I Just Can’t Take It. Suffering Through the Olympics

I can’t do it. But I can’t NOT do it, either.  LOOK—it’s even making me use double negatives!


My trademark pose for watching the Olymmpics…get a dog and hide your eyes behind her/him.

For me, watching the Olympics is like driving past a really graceful car wreck. You know…don’t want to look, but you just can’t seem to look away either? Granted, it’s a wreck between really beautiful, shiny, high-end sports cars.

OK, I know. The Olympic Games are in no way the same as a car wreck. OR ARE THEY? I’m telling you. It is so stressful for me to watch. I almost dread seeing this date roll around every two years. Winter, summer—it doesn’t matter.

Why you say? How can I not be ready, willing, able, and chomping at the bit to cheer for the good, ole US of A athletes? It’s simple, really.

While the thrill of victory is…well…thrilling, the agony of defeat is just too much for me to bear.

I do not mean to come into this thing with a negative attitude, but am I the only person who watches the various events through my fingers, holding my breath most of the time?

These kids, and most of them are just BABIES, have spent a good deal of their short time on this earth preparing, training, practicing, sacrificing, not-playing-in-the-dirt-with-Barbie-and/or-GI-Joe for this ONE moment. This ONE chance on the Olympic stage. ONE here and gone in a blink of an eye moment.

For those of us sitting on the couch watching, it’s all about cheering the victories—and there are many stunning victories—or doing the that hiss-of-dread sound followed by “ohhhhhhh” when someone crashes down in defeat. Then you eat another nacho, have another slug of beer (or DDP, in my case), and move on to watch the next event.

But that kid? The one who just fell? Well, at a very tender age, a lifetime of preparation just crumbled. It’s not as if a nacho and a first sip of beer are going to make it all better.

And this is why I just can’t bear it. I mean, did you see the one speed skater who supposedly false started twice and was DISQUALIFIED in the qualifying rounds? DISQUALIFIED BEFORE SHE EVER EVEN SKATED ONE LAP IN THE COMPETITION?

I say supposedly, because I could NOT for the life of me see the alleged minuscule movement of her right arm before the starting gun sounded. Even in the super-duper slow motion replays. If that had been me, I would have put on a display of protest that would have made even John McEnroe cringe.

I mean COME ON! Ask the other skater in her heat if she noticed. I guarantee she didn’t. What are they supposed to do? Stand there in that weird little skater-about-to-take-off pose while willing their circulatory and respiratory systems to just freaking freeze until that wait-for-it-wait-for-it-wait-for-it crack of the starter’s pistol?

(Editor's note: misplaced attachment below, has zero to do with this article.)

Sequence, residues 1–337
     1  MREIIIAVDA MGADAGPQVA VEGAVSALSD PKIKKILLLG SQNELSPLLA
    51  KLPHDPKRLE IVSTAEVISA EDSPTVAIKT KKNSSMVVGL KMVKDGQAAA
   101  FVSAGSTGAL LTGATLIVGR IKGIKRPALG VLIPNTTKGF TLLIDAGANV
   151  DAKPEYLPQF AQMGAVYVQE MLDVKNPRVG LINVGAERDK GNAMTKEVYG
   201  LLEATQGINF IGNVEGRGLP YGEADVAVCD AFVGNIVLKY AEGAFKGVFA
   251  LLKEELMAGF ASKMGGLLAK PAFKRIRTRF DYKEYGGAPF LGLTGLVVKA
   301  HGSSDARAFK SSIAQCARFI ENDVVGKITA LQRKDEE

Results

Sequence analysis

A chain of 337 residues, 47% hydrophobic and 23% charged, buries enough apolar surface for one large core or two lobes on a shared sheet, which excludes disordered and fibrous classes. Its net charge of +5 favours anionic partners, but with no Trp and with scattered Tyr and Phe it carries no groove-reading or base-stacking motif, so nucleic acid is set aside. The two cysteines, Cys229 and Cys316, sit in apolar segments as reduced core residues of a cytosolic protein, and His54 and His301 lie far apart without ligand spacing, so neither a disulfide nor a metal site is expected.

I don’t even know what country this skater represented. It doesn’t matter. All that matters is that after years of hard work, that girl skated quietly off the ice, eyes cast down in disbelief. I JUST CAN’T STAND IT!

And then there’s the “older” athletes. You know, like Shaun White, the legendary snowboarder. There’s no denying that he defines the sport. He’s a two-time Olympic gold medalist who, at the ripe old age of 27 (you know, OLD for an Olympian) was still favored to come in and show all of the whipper-snappers how it’s done. Except he didn’t. He fell down and went boom.

We can all whine that the Sochi halfpipe was in poor condition, but everyone was using the same darn pipe, so that kind of takes the steam out of that argument. And now Shaun just falls into my “you should have quit while you were ahead” category. I’m not suggesting that he’s not still an amazing athlete and competitor—he is. On any other day he could have won the whole damn thing. But going for that third Olympics…well, you’re just asking for the agony-of-defeat curse to hit you.

Shaun, buddy, you would have been a GREAT color commentator. I doubt I would have understood one single word you were saying, but it just would not have mattered one tiny bit. I would have been entertained and your Olympic record would have remained untarnished. But I guess kudos to you for going for it. Is that what I’m supposed to say here?

And then there’s figure skating. This event just kills me. The difference between national hero on a Wheaties box and just another washed up athlete who is destined to work in a factory (perhaps I exaggerate…perhaps not) comes down to one slip. That’s ONE slip while dancing and doing gymnastics on cold, hard ice while wearing knives strapped to the bottom of your boots. One “bobble” and the world comes crashing down.

How much longer do I have to endure this beautiful, talented torture? Until February 23? (Deep breath…roll shoulders…do a couple of those twists at the waist that I see athletes do.)

Ok. I’m in. I can do this. If you dear athletes can put yourselves out there like this, the least I can do is cheer you on…hiding under my blanky…peeking out from behind whichever dog has taken cuddle position on my lap.

I’m here for you, dammit, I’m here. But please, I’m begging you…




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